Why Does Dumbledore Admire Newt Above All Others? Jude Law May Have the Answer

Do you know why I admire you, Newt? More, perhaps, than any man I know? You don’t seek power or popularity. You simply ask, is the thing right in itself? If it is, then I must do it, no matter the cost.

Of all the memorable lines in Fantastic Beasts: The Crimes of Grindelwald, that one stood out to many. Not only does it provide us with additional confirmation of Newt Scamander’s heroic selflessness, but it also begs a provocative question as well: Why did Albus Dumbledore, one of the world’s most powerful wizards, admire his brilliant yet somewhat hapless former student above anyone else?

While we’ll no doubt delve deeper into the pair’s relationship in future installments of Fantastic Beasts, Evanna Lynch (Luna Lovegood) recently sat down with several Crimes of Grindelwald cast members in a compiled series of interviews posted Wednesday to YouTube by Warner Bros. Home Entertainment. She took the opportunity to pose that question directly to the man bringing Dumbledore’s younger self to life, Jude Law.

When asked whether he believes Dumbledore struggles himself with the very qualities he admires in Newt, Law said he was certain of it.

Absolutely. He was very close to going ’round the world and conquering the world with Gellert Grindelwald, and suddenly, it was like he caught himself. So I think he’s always pulling back.

Law took advantage of his chance to extensively pick J.K. Rowling’s brain about his character before filming, and that picture of Dumbledore as a man embroiled in an intense inner battle between his better and baser instincts is one he says was painted for him by the author herself.

This is something Jo Rowling said to me. The reason he loves Newt is because Newt loves beasts, and I think he thinks he’s a beast. I think he thinks he’s dark, that he’s seen and done things that he wishes he hadn’t, and he’s constantly pulling himself back onto the right moral side.

We know the basics of the beginning and end of Dumbledore’s relationship with Grindelwald, but in Crimes of Grindelwald, we begin to see their separate paths converging. While Dumbledore is still apparently grappling with reconciling the things he believed – and did – with his former friend, he sees a saving grace of sorts in Newt, who, as Leta Lestrange says, has “never met a monster [he] couldn’t love.”

At the same time, however, Law told Lynch that he also feels that Dumbledore still believes Grindelwald can be saved.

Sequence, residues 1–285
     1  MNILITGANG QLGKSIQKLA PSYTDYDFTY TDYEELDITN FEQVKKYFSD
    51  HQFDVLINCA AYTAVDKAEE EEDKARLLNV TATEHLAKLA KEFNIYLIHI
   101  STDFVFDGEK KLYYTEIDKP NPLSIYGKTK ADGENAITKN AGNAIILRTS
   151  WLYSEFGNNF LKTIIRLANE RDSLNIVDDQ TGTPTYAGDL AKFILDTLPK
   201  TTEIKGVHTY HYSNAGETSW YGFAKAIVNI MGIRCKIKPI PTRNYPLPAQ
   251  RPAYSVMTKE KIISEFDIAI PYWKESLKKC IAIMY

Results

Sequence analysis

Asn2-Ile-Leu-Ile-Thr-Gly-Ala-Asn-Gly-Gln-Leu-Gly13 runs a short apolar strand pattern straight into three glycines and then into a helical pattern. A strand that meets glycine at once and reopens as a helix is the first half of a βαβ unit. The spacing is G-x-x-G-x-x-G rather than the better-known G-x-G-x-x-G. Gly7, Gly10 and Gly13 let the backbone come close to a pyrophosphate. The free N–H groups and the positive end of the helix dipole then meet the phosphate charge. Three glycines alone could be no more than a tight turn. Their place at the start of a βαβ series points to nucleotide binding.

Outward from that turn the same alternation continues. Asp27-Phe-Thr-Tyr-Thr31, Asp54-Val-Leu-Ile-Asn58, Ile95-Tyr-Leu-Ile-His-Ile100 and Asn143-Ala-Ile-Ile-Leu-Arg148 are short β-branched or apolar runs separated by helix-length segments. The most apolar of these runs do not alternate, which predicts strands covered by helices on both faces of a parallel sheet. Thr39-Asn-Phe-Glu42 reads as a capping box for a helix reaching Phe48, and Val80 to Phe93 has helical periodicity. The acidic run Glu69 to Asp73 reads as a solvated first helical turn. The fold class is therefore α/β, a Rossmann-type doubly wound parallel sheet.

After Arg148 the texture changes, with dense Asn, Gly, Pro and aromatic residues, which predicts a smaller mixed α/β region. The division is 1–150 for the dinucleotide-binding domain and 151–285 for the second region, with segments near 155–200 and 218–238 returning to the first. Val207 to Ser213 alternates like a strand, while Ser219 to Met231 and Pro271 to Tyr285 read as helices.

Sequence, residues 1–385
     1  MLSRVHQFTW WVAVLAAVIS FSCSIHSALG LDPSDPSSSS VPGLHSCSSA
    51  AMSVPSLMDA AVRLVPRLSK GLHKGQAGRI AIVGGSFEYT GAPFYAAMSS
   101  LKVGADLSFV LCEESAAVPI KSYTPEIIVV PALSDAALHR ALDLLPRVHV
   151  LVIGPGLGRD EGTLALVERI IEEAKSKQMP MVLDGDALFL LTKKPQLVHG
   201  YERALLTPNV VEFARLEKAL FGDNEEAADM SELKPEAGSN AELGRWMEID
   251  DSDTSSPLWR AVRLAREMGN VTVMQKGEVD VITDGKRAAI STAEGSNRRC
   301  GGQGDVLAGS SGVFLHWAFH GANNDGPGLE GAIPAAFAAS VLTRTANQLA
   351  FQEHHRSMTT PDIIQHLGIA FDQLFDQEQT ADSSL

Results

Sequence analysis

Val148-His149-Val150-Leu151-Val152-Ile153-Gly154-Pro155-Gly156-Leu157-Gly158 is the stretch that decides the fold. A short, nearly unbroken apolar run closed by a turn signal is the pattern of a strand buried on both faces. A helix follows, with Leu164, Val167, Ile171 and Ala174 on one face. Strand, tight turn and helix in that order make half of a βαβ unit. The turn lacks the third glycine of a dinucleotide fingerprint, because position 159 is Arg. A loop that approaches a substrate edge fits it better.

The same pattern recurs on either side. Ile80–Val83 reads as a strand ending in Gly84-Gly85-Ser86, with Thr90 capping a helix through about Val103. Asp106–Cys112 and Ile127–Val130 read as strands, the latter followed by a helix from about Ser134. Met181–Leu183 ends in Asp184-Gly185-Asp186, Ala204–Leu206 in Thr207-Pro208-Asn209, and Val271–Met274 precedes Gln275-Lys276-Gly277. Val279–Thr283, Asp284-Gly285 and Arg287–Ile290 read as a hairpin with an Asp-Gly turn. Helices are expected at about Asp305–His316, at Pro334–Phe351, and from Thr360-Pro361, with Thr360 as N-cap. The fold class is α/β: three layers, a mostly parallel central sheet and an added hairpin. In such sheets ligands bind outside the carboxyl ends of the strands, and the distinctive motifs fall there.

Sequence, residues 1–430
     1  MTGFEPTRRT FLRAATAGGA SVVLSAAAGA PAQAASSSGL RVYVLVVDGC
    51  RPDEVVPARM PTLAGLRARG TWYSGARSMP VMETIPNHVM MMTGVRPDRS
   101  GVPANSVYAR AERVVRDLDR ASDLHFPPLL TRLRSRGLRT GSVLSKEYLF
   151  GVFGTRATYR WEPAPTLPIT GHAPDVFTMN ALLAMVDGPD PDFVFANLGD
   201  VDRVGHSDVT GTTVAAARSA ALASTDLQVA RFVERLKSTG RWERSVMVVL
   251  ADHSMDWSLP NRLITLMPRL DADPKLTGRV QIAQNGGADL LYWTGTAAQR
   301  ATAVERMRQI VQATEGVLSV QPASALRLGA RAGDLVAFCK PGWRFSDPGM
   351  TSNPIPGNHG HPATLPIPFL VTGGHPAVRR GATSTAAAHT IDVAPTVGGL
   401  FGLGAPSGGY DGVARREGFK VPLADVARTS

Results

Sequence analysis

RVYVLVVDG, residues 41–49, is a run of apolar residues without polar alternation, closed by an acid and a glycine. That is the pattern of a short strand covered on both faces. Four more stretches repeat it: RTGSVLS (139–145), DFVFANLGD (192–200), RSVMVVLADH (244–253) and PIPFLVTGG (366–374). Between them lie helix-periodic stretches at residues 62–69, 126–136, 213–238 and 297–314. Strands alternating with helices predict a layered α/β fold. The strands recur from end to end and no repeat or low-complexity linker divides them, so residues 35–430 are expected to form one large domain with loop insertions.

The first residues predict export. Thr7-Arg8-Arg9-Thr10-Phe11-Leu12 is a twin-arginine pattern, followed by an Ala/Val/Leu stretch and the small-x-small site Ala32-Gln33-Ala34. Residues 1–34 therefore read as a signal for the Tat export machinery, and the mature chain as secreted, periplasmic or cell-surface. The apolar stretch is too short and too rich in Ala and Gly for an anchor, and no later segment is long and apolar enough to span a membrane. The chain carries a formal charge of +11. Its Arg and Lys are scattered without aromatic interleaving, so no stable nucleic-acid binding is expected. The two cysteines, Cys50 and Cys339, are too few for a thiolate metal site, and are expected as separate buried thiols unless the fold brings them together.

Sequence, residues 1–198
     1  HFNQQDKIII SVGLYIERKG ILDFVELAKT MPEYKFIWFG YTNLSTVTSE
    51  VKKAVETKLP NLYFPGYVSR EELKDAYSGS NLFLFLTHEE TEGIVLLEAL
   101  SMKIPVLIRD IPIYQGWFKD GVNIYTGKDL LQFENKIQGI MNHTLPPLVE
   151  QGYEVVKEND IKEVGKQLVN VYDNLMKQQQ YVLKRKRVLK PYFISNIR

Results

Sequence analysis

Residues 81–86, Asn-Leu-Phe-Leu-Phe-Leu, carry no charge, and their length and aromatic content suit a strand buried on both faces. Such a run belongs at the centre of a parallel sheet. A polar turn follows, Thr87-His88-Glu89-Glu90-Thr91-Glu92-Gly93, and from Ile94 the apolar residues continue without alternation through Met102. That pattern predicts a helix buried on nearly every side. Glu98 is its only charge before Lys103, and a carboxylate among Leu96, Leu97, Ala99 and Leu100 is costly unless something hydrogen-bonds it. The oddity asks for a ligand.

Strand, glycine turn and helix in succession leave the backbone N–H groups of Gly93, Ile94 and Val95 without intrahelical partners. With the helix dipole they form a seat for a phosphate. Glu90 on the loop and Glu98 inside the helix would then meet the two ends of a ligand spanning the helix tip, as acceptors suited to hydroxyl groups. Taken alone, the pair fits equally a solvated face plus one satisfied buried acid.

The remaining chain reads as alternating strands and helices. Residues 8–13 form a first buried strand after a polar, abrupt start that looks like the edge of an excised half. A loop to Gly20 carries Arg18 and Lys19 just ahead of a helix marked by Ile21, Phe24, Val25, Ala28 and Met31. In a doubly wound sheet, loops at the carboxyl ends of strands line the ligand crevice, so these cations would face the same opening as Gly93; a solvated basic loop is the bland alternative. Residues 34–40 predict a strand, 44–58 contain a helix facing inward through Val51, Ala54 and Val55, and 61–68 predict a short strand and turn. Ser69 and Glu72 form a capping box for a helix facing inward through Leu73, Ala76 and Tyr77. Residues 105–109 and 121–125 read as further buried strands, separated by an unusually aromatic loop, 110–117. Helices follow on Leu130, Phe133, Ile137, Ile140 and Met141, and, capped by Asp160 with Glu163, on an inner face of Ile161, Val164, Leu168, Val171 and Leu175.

I don’t think he gives up on people, no. I think he still believes that there might be a possibility of turning him, and the reason I stick to that isn’t anything I was told or that I’ve read. It’s just that there’s that one line. He says to Theseus, ‘If he has the rally, don’t interfere. Just let it happen.’ And it’s like he’s trying to pick the momentum of Grindelwald’s impact. It’s as if he thinks he can sort of understand it and maybe second guess it, and that gives me a sense that he thinks there might be hope.

Meanwhile, though Dumbledore clearly has great faith in Newt, it’s still unclear whether that trust is reciprocated. Lynch posed this question to Eddie Redmayne: “Does Newt have the same belief that all people can be redeemed that he has for animals?”

I think the answer is, he hasn’t thought that through yet. I think it’s something that Newt hasn’t resolved yet, and I think it’s one of the big tests that Jo is putting to Newt. He has this absolute belief and faith in his creatures because I’m not sure that he does believe that, at this moment, with humans.

Lynch’s interviews, though condensed to around nine minutes, provide fascinating insight into how the actors perceive their characters. She additionally speaks with Zoë Kravitz, Callum Turner, Katherine Waterston, Dan Fogler, Alison Sudol, Ezra Miller, and Claudia Kim, asking a variety of questions, including why Leta and Newt grew apart, why Credence Barebone gravitates toward Nagini and vice versa, what Waterston feels is the motive of the mysterious character of Tina Goldstein, and which wizarding world characters Miller and Kim would choose as their Secret-Keepers.

You can watch the full video below, and let us know in the comments what you think of Law’s character analysis!

 

Brienne Green

I'm a passionate journalist, feeding my wizarding world obsession on MuggleNet by night, forever trying to find ways to work "Potter" references into high school sports stories by day. When not writing, I can be often be found making quiche at 2 a.m., playing Queen tunes on the piano, or talking (and talking and talking) about Sirius Black.